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Mindful : August 2017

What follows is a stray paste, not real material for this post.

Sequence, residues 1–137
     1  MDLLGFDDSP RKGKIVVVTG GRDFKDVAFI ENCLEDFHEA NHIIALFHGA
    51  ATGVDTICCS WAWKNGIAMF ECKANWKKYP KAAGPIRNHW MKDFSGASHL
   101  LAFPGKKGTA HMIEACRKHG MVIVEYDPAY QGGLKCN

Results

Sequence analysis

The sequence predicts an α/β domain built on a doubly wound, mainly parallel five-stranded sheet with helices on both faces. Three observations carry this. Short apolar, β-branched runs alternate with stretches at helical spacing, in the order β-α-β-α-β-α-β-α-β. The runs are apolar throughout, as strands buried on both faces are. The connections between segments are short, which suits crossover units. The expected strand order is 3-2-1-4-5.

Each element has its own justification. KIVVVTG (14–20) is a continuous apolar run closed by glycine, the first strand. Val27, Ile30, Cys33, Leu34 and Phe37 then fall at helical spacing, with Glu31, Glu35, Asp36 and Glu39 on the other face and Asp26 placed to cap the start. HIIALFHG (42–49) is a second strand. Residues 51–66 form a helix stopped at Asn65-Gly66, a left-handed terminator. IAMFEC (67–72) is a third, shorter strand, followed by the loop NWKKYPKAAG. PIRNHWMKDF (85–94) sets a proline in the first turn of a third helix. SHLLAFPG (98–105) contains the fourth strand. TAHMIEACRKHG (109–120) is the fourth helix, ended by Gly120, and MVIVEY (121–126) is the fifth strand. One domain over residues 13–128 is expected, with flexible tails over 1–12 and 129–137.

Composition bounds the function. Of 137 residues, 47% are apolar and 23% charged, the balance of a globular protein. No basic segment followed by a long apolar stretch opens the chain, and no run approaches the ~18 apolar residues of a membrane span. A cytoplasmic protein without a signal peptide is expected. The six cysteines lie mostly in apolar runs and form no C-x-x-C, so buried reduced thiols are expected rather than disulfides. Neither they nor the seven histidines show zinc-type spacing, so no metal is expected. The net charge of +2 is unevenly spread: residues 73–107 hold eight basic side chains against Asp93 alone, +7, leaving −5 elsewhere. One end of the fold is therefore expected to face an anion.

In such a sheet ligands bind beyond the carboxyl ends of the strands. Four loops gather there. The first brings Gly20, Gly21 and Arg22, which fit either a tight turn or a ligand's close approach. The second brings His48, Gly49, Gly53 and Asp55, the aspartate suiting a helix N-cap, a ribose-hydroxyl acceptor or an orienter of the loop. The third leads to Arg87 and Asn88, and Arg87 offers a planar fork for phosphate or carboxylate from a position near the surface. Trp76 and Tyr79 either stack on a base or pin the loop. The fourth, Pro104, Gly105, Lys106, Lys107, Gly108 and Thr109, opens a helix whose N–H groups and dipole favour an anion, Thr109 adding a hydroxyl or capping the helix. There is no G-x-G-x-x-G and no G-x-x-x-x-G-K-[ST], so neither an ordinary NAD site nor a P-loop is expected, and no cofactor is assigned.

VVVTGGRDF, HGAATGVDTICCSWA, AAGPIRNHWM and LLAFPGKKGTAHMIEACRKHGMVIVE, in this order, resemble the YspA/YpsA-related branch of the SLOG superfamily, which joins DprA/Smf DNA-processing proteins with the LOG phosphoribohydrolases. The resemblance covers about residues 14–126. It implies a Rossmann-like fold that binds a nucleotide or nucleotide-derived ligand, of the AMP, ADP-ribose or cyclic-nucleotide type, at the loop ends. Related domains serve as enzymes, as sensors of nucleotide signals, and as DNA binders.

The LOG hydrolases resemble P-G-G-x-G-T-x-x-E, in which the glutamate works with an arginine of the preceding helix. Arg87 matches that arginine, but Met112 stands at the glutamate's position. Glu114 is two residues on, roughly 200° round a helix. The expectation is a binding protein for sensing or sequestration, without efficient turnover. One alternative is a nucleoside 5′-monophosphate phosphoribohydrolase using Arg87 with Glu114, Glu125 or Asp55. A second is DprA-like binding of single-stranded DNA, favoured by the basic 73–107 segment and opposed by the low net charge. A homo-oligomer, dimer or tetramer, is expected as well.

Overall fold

We still call them “phones,” but they are seldom used for talking. They have become like a substitute for memory—and other brain functions. Is that good for us in the long run? You probably know the Google Effect: the first rigorous finding in the booming research into how digital technology affects cognition. It’s also known as digital amnesia, and it works like this: When we know where to find a piece of information, and when it takes little effort to do so, we are less likely to remember that information. First discovered by psychologist Betsy Sparrow of Columbia University and her colleagues, the Google Effect causes our brains to take a pass on retaining or recalling facts such as “an ostrich’s eye is bigger than its brain” (an example Sparrow used) when we know they are only a few keystrokes away. “ Because search engines are continually available to us, we may often be in a state of not feeling we need to encode the information internally,” Sparrow explained in her 2011 paper. “ When we need it, we will look it up.” Storing information requires mental effort—that’s why we study before exams and cram for presen- tations—so unless we feel the need to encode something into a memory, we don’t try. Result: Our recollection of ostrich anatomy, and much else, dissipates like foam on a cappuccino. It’s tempting to leap from the Google Effect to dystopian visions of empty-headed dolts who can’t remember even the route home (thanks a lot, GPS), let alone key events of history (cue Santayana’s hypothesis that those who can’t remember history are doomed to repeat it). But while the short-term effects of digital tech on what we remember and how we think are real, the long-term consequences are unknown; → Smart Phone, Lazy Brain Sharon Begley is senior science writer with STAT, a new national health and medicine publication. She is also author of Train Your Mind, Change Your Brain and Can’t Just Stop: An Investigation of Compulsions (2 0 17, Simon & Schuster). 20 mindful August 2017 Illustration by Edmon de Haro brain science